Everywhere we turn, it seems people are prohibited from doing anything that brings a bit of joy into their lives.
So when RTE reporter Paul O'Flynn heard the Government was easing restrictions on public swimming - a hobby close to his heart - he decided to inject some light-hearted humour into his report to put a smile on the face of locked-down viewers.
The broadcast journalist, a champion swimmer and water polo enthusiast in his spare time, made a real-life splash as he signed off a news package when reporting from the Forty Foot in Dublin on the easing of outdoor swimming restrictions.
O'Flynn, who has been swimming since the age of four and who won Dublin's famous Liffey Swim in 2018, interviewed delighted bathers before he dived smiling off the rocks and into the glistening blue water below.
But despite receiving scores of messages from entertained viewers on social media, the clip was quickly pulled when a beady-eyed viewer rang the station to say it was in breach of "health and safety".
A source told the Sunday Independent: "The RTE head of compliance checked with Dun Laoghaire-Rathdown County Council and decided it was promoting a prohibited act."
This weekend RTE confirmed that one complaint was received about the footage, which aired at 1pm last Wednesday afternoon, before the decision was taken to remove the end shot from further broadcasts.
A spokesperson from Dun Laoghaire-Rathdown County Council did not return calls but there is a ''no diving'' sign at the spot.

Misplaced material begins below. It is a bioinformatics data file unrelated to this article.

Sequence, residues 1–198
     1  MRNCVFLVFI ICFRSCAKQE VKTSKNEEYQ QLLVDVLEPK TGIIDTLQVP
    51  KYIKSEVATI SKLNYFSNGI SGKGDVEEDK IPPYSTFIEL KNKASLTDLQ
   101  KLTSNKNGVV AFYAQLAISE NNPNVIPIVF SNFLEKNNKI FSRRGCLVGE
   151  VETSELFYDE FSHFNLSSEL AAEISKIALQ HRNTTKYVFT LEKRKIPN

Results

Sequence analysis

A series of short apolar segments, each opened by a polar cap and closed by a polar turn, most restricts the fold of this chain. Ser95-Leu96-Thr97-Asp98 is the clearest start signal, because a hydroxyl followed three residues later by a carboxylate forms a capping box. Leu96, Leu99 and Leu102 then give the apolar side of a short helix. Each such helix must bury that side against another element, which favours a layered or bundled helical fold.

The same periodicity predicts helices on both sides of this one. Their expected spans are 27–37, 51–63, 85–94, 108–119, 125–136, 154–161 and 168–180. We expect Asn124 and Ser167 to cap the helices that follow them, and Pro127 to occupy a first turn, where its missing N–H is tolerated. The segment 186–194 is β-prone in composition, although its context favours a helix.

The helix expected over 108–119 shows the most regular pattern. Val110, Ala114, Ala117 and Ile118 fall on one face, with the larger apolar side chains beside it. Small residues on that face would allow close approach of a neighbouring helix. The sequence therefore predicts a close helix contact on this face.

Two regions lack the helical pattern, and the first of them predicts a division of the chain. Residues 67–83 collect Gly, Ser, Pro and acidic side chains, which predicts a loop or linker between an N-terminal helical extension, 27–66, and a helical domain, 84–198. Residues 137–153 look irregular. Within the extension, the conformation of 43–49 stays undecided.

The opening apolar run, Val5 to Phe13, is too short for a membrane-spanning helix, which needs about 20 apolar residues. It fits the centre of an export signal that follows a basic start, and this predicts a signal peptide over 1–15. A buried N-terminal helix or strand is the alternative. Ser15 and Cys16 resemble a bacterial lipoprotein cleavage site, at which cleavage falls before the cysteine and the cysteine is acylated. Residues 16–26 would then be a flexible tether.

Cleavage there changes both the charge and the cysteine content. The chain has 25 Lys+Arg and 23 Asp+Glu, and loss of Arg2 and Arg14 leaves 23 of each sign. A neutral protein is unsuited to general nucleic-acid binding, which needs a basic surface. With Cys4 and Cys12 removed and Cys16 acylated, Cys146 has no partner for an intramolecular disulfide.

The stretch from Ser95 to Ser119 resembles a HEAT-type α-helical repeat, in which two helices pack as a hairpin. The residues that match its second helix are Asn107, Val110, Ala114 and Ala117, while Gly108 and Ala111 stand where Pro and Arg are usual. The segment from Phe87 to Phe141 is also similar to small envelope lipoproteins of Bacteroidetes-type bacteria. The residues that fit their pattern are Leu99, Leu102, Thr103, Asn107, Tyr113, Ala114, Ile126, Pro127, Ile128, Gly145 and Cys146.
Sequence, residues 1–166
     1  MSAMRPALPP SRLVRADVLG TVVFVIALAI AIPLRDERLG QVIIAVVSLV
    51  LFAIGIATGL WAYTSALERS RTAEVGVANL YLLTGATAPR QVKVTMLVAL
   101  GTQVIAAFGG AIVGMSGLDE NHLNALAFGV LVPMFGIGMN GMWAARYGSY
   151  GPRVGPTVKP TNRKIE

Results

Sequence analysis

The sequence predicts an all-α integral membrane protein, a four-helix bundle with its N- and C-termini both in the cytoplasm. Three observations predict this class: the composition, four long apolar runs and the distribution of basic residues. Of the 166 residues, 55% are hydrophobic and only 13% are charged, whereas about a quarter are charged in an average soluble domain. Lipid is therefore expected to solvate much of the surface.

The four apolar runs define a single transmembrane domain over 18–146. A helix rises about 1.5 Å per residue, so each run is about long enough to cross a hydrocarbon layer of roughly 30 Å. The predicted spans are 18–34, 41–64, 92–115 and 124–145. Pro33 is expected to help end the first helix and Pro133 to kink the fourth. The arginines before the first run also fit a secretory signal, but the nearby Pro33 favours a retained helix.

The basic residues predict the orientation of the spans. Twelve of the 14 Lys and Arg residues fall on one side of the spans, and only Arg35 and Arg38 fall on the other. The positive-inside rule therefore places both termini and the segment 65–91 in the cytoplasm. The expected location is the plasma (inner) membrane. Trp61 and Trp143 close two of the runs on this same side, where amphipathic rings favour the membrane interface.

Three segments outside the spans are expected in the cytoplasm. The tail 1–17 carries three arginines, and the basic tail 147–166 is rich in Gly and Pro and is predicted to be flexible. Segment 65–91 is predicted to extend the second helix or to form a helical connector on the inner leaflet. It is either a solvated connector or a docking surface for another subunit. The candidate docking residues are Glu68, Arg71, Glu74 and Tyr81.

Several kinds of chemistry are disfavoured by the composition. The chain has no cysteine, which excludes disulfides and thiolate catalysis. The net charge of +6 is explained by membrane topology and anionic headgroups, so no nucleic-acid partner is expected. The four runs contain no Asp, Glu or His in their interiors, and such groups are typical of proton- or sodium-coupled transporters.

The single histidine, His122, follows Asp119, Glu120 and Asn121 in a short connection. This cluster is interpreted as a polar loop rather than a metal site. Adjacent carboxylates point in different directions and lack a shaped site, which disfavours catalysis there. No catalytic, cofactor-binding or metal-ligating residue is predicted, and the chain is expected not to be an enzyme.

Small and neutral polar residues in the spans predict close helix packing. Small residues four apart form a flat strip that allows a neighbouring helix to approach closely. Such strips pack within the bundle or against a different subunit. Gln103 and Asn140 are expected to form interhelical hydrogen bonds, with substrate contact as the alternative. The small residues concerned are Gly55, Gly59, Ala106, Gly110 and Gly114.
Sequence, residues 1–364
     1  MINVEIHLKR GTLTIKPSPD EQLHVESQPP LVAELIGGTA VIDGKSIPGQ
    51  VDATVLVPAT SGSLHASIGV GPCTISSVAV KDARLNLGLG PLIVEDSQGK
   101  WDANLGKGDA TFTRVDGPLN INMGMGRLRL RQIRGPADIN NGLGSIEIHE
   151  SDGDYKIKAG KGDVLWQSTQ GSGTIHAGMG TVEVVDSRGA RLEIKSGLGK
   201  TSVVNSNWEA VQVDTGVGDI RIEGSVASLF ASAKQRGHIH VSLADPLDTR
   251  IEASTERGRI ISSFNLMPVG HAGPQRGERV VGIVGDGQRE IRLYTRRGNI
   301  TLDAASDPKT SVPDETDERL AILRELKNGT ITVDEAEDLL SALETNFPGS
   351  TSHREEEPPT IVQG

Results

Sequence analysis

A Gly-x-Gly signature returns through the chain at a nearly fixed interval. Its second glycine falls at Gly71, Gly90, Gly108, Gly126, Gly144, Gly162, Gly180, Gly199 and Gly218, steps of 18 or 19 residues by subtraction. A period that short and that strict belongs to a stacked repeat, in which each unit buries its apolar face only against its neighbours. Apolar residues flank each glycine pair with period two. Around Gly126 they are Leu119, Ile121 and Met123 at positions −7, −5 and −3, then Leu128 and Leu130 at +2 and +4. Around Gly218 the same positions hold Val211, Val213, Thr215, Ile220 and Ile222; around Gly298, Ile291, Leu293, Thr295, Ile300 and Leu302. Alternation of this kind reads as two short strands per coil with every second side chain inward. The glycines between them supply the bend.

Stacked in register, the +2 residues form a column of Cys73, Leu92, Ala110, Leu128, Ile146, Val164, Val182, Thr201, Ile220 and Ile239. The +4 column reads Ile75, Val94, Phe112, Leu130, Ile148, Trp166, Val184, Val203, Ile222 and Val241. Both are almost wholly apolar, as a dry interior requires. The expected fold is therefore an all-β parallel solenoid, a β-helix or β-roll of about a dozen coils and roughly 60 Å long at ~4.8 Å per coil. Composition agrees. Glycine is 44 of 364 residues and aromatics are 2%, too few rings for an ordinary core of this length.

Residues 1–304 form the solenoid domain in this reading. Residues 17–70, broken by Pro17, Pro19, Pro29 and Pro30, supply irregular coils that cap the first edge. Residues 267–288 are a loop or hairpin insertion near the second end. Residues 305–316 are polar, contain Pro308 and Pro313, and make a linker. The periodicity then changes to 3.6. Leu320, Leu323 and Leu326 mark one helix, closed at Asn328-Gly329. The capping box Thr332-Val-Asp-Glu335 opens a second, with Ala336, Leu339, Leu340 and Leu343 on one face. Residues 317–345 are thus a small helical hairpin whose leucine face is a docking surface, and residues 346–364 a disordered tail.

Still, viewers who enjoy O'Flynn's quirky broadcasts can look forward to some more of the same - but within the limits of what is officially permitted.
The reporter told the Sunday Independent that he will always try to go the extra mile when he can: "It depends on the context, if it's a straight story we treat it like that but if it is a colourful report and the story lends itself to something more creative then we always try to tell the story in a different way if possible. And I think RTE encourages us to do that - to think about not just the story we are telling, but the way we tell it.
"I am always very interested in that. I lecture younger students on video journalism in DCU and I say it's not just about the story, it's about the craft. The story is important but if you can't tell it, people won't take an interest."
Viewers have previously seen O'Flynn slurp noodles at the World Cup in Japan and more recently wearing shorts and a suit jacket while reporting on the joy of working from home.
In recent years, health and safety concerns have tempered many other everyday activities.
In 2013, three county council workers were suspended in Cork after filling a pothole in what was viewed to be an unsafe manner. The workers had come across a pothole in the Carrigaline area and, having the materials with them to fill it, began work.
According to health and safety regulations at the time, the workers were told it takes a team of four to fill a pothole - a driver, two workers to operate the 'stop and go signs', and a fourth worker to put in the material.